Patterns and Compositionality

Massimo Dentico
Thu, 27 Jan 2000 13:47:09 +0100

Jim Little wrote:
> I haven't read the paper yet (but I plan to), but I did want to
> contribute a definition:
> Massimo Dentico wrote:
> > (I am not aware of any formal definition
> > of "pattern" in "software engineering", so I suppose that equating
> > it with the "pattern" in functional and logic programming sense is
> > correct;  is it the same in the Scandinavian school of OO (Beta)?)
> Design patterns are based on the patterns of Christopher Alexander.
> Christopher Alexander was an architect, so I doubt there's any
> correlation with functional programming.  Here's the definition from
> _Design Patterns,_ the premier book on the subject:
> "A design pattern names, abstracts, and identifies the key aspects of a
> common design structure that make it useful for creating a reusable
> object-oriented design.  The design pattern identifies the participating
> classes and instances, their roles and collaborations, and the
> distribution of responsibilities.  Each design pattern focuses on a
> particular object-oriented design problem or issue.  It describes when
> it applies, whether it can be applied in view of other design
> constraints, and the consequences and trade-offs of its use."
> Based on this definition, your later assertion, below, doesn't apply.
> > So,  it's seem to me that is  the formal framework of reference to
> > be inadequate, not  the whole functional/logic languages as stated
> > by Wegner (some has pattern matching).
> Jim

Why doesn't  it apply,  Jim?   Given an intuitive definition  of a
concept,  a  more rigorous  (or  even formal)  definition  has not

The  context  is: "[..]  If  generalizing  a  pattern  is  lambda-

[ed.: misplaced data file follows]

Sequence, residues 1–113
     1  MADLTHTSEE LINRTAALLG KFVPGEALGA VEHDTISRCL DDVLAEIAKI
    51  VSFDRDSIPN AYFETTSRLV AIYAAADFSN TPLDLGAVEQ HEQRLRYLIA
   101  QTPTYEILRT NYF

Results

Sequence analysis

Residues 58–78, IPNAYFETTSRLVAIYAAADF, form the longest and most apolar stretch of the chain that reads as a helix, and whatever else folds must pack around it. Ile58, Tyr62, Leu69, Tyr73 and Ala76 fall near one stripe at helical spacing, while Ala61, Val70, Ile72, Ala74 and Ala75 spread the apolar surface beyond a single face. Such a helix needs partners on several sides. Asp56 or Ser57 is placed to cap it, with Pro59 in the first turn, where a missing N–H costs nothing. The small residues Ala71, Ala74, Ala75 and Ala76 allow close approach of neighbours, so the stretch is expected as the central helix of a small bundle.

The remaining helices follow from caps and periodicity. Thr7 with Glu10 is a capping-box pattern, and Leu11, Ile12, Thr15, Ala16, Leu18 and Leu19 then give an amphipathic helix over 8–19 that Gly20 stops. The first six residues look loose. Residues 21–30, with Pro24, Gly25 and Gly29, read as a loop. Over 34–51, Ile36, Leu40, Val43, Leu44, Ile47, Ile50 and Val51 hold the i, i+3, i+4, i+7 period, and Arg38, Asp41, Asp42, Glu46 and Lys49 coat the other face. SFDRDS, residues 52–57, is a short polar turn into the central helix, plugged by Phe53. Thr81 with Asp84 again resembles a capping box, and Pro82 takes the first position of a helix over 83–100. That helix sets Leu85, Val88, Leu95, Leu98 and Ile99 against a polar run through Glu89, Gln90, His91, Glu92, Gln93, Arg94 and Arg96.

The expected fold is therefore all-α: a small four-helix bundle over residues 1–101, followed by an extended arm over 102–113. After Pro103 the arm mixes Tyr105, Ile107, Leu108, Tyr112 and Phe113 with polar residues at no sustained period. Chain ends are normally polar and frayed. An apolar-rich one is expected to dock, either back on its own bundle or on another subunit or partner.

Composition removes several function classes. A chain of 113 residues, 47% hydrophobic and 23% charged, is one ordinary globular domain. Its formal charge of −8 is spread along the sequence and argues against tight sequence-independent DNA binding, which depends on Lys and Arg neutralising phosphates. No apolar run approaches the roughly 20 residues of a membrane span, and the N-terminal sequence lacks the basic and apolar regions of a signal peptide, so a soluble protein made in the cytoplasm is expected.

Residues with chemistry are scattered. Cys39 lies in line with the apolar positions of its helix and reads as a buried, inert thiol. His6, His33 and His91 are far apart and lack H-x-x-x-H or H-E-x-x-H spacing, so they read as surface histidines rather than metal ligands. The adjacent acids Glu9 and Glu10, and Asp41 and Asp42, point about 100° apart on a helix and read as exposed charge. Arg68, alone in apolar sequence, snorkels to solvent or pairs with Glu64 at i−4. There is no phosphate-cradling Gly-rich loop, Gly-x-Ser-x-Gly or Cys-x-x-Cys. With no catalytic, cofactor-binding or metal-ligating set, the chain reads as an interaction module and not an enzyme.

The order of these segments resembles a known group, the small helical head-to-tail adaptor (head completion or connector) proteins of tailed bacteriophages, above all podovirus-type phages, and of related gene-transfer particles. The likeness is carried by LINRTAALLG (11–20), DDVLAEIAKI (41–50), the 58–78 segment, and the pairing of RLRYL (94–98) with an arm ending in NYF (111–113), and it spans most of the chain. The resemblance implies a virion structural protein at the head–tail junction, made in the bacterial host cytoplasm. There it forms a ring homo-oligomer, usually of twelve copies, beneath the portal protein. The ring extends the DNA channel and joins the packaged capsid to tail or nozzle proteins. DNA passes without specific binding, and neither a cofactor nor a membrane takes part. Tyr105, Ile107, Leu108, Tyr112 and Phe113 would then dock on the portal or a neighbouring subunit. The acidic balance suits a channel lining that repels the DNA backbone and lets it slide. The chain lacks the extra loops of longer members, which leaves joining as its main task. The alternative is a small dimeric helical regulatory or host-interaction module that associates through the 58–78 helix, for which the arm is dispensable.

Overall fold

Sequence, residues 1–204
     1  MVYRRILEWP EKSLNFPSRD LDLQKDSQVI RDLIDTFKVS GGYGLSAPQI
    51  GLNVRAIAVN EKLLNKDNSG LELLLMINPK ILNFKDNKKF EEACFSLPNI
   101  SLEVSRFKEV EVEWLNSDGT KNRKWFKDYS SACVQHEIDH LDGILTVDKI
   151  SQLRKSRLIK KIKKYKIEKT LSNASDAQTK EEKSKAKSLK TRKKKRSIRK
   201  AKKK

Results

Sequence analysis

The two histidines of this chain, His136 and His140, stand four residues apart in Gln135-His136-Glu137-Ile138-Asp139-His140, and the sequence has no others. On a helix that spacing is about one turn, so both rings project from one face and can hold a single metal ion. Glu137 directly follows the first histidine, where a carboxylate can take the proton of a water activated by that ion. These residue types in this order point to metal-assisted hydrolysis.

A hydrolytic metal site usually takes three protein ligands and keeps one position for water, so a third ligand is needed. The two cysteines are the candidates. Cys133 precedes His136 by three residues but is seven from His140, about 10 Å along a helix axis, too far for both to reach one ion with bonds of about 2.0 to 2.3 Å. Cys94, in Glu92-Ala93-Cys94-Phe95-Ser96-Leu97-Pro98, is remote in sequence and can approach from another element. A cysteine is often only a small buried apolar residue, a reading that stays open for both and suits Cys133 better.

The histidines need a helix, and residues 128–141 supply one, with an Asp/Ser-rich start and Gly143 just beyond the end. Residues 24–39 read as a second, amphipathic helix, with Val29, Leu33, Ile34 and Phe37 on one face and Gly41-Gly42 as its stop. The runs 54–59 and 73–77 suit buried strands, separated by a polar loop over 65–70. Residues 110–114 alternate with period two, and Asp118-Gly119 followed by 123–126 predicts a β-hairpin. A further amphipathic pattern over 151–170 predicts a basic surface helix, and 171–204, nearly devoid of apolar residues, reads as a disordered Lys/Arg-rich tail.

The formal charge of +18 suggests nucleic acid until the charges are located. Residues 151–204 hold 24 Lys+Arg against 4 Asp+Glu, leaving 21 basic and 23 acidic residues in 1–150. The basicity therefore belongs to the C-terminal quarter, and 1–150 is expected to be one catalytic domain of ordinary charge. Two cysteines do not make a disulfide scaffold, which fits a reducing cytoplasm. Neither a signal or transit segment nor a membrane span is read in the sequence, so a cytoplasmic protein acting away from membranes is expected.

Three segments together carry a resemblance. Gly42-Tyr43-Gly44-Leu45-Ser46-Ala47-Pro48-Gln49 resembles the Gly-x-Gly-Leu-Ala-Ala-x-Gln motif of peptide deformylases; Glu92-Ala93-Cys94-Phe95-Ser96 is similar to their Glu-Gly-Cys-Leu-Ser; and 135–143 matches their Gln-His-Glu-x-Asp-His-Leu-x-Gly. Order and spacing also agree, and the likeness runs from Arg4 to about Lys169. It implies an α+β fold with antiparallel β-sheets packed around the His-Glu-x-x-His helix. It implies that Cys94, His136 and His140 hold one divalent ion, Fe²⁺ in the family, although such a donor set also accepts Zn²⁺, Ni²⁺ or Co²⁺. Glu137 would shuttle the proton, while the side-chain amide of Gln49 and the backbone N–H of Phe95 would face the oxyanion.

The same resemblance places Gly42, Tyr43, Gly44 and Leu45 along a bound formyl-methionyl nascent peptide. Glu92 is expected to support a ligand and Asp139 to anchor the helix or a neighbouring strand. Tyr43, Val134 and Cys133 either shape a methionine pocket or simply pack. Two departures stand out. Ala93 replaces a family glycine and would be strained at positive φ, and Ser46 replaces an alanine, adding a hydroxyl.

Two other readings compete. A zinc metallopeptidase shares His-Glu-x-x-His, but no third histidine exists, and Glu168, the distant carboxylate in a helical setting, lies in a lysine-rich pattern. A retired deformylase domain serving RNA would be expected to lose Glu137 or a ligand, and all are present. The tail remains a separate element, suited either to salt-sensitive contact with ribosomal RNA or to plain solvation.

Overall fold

abstraction and inlining a pattern is beta-expansion [..]".  So, I
have  rendered  explicit  my premises  just  to make  feasible  an
objection to my reasoning. But the intuitive definition of pattern
doesn't invalidate /a priori/ a more rigorous one.

I suspect that  Fare speaks about the "hype"  (I'm not sure  about
the meaning  of this word),  around  the useful  idea  of pattern,
exactly  because  the  lack  of a precise definition  prevent  any
attempt  of  rigorous  reasoning   (for  example,  comparisons  of 
expressiveness with other frameworks).

Instead the problem is:  the rigorous definition cathces the whole
intuitive  definition?  The  paper  of Wegner (as I understand it)
tries  to  answer  this  question  relatively  to  the  notion  of
computability,  the intuitive  compared  to the formal notion.  He
suggests  that   Multi-Stream  Interection  Machines  (MIMs)   and
co-inductive  reasoning  give  a  stronger  model  of  computation
compared  to  Turing  Machines,   lambda  calculus  and  inductive

The intention of my original post was  to highlight  the fact that
if Wegner  and my equation are right  then,  even in the field  of functional/logic 
programming,   the  formal  model  of  reference
(lambda  calculs)  doesn't  catch  the  expressive  power  of this

Massimo Dentico